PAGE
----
The idea of a limited access bypass was first introduced to Mason County citizens in September 1999.
The project was one of the last accomplishments under the tenure of the late State Rep. Pete Worthington and stirred opposition among landowners affected by the proposal.
Nearly 12 years later, the footprint of the bypass is visible and construction is expected to be complete in late summer, early fall 2012, a project 13 years in the making.
The bypass will extend just over 4 miles from Kentucky 9, the AA Highway, at the Clyde T. Barbour Parkway to U.S. 68, just south of Washington. The price tag is $21.5 million and more than 1.2 million cubic yards of earth will be moved for roadway excavation, then used to fill in dips and valleys of what was once farmland. The plan calls for three bridges, one with interstate-type access ramps.
On Wednesday, officials with the Kentucky Transportation Cabinet District 9 Office and members of The Ledger Independent newsroom traveled the length of the road bed.
Allen Blair, public information officer and Mark Rath, supervisor II for Mason County, led the tour. Once the bypass is complete, it will fall under the maintenance of Rath's garage.
Most visible to passing motorists is construction on the AA Highway, Clark's Run Road, U.S. 62 and U.S. 68; in between, heavy equipment moves dirt and rock after explosives have been used to make a cut in the landscape.
Blair said the focus of the bypass is to separate "thru traffic versus traffic going downtown," reduce congestion along the business corridor of the AA Highway and to "increase capacity to handle traffic in and around Maysville." Blair also noted the rerouting of tractor-trailer traffic away from the AA Highway and U.S. 68 intersection is just one benefit of the limited access bypass, not the primary focus. Blair pointed out with the bypass feeding directly off the parkway to the William Harsha Bridge, motorists traveling south toward Lexington will be able to avoid the congestion at the intersection, referred to as one of the busiest in the 9th District.
"This is the first new road in the area in several years," Blair said.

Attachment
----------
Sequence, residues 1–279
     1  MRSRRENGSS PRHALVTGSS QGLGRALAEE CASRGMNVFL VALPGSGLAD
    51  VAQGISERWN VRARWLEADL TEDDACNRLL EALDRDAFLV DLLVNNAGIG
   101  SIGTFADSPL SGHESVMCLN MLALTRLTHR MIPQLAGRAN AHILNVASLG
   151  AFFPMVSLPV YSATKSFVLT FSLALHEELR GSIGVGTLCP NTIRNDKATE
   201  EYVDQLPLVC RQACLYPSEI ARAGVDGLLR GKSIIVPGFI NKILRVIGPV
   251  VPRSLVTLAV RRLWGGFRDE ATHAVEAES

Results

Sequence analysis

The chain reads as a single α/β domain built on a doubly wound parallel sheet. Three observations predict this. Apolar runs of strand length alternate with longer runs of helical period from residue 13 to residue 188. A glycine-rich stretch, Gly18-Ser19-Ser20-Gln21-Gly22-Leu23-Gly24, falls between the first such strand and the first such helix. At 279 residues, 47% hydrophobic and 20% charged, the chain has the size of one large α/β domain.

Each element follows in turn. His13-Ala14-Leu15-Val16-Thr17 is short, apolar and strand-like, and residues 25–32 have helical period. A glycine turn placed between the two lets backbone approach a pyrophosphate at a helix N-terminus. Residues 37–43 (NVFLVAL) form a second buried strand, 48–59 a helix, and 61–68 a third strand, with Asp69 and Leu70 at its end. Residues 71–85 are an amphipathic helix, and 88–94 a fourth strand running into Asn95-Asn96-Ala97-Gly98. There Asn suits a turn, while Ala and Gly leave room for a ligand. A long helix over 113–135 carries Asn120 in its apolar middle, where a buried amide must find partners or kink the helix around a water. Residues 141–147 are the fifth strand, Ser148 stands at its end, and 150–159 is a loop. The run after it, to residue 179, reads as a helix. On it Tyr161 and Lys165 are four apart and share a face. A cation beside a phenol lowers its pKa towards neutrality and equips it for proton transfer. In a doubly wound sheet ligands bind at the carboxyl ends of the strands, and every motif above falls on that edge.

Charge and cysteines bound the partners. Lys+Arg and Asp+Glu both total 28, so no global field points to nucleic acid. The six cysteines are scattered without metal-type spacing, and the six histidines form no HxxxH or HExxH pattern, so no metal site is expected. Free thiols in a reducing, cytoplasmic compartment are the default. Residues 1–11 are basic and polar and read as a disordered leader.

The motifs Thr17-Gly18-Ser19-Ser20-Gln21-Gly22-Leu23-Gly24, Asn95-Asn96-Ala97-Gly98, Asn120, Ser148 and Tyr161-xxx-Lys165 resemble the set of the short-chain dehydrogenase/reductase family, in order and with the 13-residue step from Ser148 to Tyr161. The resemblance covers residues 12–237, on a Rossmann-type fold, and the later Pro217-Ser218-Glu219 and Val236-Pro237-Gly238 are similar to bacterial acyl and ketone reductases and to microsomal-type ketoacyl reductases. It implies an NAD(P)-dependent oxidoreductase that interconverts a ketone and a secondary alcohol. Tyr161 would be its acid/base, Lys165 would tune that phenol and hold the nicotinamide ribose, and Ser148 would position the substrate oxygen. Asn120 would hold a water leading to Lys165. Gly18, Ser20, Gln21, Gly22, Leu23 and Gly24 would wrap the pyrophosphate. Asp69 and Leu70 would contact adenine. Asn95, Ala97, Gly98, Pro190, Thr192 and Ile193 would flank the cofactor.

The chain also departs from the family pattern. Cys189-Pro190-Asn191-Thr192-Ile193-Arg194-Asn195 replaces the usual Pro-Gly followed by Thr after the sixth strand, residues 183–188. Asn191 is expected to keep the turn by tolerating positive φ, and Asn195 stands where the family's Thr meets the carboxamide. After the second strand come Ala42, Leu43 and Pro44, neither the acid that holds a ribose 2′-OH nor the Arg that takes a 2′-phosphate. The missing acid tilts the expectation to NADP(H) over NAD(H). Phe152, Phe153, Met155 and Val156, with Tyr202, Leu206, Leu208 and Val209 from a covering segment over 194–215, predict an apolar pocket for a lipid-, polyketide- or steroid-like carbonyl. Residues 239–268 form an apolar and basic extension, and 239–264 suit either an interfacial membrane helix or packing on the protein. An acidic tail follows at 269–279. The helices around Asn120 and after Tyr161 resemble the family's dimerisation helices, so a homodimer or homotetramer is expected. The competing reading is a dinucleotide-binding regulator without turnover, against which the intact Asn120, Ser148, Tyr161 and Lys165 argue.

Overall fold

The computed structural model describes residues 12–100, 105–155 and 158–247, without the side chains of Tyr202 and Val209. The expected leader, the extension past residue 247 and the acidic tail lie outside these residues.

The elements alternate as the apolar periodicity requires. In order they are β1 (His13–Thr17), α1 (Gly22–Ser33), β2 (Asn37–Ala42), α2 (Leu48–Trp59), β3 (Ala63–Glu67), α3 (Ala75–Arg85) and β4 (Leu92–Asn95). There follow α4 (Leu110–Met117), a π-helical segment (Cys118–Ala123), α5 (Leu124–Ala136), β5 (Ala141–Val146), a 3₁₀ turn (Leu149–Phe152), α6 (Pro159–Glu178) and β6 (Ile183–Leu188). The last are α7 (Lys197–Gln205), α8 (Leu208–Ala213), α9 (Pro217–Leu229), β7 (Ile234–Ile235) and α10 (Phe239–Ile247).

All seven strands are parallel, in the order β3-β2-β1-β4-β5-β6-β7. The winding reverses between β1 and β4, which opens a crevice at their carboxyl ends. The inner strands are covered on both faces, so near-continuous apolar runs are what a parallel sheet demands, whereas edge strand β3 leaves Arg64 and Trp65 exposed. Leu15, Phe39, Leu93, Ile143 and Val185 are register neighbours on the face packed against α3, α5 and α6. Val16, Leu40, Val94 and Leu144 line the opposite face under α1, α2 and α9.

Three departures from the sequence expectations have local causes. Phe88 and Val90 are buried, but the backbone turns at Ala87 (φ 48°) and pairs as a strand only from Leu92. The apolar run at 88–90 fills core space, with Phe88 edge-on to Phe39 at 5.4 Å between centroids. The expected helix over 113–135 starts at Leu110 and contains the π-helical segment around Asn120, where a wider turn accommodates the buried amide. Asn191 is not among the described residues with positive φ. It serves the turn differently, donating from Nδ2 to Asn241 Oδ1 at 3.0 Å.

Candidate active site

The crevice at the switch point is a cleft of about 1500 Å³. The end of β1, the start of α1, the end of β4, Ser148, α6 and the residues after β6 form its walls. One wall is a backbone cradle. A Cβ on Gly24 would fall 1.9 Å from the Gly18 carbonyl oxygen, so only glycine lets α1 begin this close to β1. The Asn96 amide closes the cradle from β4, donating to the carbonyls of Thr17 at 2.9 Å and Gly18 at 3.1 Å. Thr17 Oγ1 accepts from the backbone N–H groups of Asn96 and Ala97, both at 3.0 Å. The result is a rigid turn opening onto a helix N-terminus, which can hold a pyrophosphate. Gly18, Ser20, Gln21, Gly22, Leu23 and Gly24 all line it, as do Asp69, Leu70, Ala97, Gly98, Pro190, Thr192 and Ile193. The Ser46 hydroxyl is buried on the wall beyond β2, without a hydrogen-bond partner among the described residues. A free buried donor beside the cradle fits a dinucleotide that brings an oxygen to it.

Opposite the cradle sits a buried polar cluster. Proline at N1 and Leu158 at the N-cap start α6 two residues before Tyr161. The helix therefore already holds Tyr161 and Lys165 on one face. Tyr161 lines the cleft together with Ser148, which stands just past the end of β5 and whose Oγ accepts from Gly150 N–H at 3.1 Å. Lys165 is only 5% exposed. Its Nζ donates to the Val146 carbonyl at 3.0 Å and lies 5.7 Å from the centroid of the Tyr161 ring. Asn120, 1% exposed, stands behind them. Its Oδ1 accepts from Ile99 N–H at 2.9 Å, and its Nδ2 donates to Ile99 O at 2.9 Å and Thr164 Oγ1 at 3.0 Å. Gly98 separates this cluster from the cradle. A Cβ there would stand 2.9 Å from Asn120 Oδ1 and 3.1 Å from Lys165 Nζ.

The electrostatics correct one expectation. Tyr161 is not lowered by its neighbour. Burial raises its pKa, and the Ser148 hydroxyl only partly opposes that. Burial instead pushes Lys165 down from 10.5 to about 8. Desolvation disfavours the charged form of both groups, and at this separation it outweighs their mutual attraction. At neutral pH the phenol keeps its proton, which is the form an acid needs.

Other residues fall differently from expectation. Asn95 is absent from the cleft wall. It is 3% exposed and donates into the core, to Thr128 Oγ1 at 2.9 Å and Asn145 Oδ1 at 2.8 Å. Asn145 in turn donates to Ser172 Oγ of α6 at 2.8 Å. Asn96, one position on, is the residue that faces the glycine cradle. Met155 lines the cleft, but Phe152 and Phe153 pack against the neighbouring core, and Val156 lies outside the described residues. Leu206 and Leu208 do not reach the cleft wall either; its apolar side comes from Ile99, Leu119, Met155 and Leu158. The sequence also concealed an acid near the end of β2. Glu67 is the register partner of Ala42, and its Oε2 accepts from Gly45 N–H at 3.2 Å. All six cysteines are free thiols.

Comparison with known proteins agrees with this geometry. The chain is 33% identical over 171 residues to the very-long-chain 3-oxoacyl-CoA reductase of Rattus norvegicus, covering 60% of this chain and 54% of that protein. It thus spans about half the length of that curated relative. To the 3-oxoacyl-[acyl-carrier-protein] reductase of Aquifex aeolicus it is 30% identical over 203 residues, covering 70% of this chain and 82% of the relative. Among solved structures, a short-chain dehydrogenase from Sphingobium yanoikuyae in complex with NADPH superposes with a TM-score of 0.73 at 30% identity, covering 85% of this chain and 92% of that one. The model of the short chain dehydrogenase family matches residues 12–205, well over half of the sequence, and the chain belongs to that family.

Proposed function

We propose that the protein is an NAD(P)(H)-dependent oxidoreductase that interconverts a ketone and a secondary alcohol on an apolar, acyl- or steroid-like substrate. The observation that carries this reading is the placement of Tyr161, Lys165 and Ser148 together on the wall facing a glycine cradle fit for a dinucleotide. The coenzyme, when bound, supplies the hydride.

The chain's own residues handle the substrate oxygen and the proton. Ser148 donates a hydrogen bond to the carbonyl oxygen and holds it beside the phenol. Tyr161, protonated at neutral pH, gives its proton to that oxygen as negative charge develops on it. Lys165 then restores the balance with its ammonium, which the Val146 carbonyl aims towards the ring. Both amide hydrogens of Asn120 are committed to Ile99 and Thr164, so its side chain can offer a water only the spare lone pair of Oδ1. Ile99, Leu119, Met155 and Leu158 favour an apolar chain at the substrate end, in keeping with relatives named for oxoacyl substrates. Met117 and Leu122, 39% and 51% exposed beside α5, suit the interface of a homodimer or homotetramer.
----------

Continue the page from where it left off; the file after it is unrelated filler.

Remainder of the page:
Once completed, the bypass will be a two-lane highway, with wide shoulders; it will expand to a four-lane roadway at the AA Highway, to accommodate turning lanes.
But construction of a bypass doesn't come without change for residents living near the construction sites.
Slack Pike, which runs from Clark's Run Road to the AA Highway, will be rerouted to run parallel with the bypass, exiting onto Clark's Run Road at the overpass bridge. The southeastern portion will become a dead end because the bypass cuts the road in half.
On Clark's Run Road, motorists have been contending with construction of the overpass beam bridge, which should be completed in another month, depending on the weather. Kentucky Transportation Cabinet Inspector Kevin Ishmael said the two-lane bridge is 296 feet and 3 inches long and 43 feet wide. Recent work has included the installation of galvanized steel decking forms, in preparation of pouring concrete, which will be reinforced with rebar.
Ishmael said Clark's Run Road will be repaired after construction is complete.
On U.S. 62, a diversion area route is being constructed to reroute traffic while a bridge is built. The temporary diversion route is to the north of U.S. 62; the bridge will be positioned just to the south of the existing roadway. The placement of the bridge will eliminate a curve in the roadway, but access to homes will not be affected by the straightening of the road, Blair said.
The temporary route should be completed in two weeks.
Blair explained engineers look for the most economical and efficient ways to build roadways and in the U.S. 62 area, it was determined it would be best to have the bypass go under U.S. 62, rather than build a bridge over the roadway.
Blasting has taken place in the area, resulting in a large rock pit on the south side of U.S. 62 that will be cleared by heavy equipment. Homeowners were contacted by the contractor handling the blasting, said Blair, and surveys were done of structures, utility lines and other objects before blasting occurred so that once completed, a comparison could be made to determine if any home or other object was damaged.
Work in the area of the AA Highway has involved grading the landscape for the access ramps and construction of the bridge that will span the highway. The bridge will measure 105 feet wide by 213 feet in length.
Blair said KTC officials will make sure traffic isn't closed down during construction of the AA overpass bridge, which will cause lane closures, and motorists should be alert for warning signs.
On the southern end of the project on U.S. 68, Blair and Rath didn't know if a red light will be erected where the bypass feeds into the highway. Turning lanes from U.S. 68 onto the bypass are planned.
Rath said while some residents may not understand the need for the bypass, it's important "to look at the big picture" and transportation needs for the future.
To soften the gash in the landscape, seeding of the embankments has already begun; in areas of steep slopes, erosion control blankets are used to keep the dirt intact after seeding.
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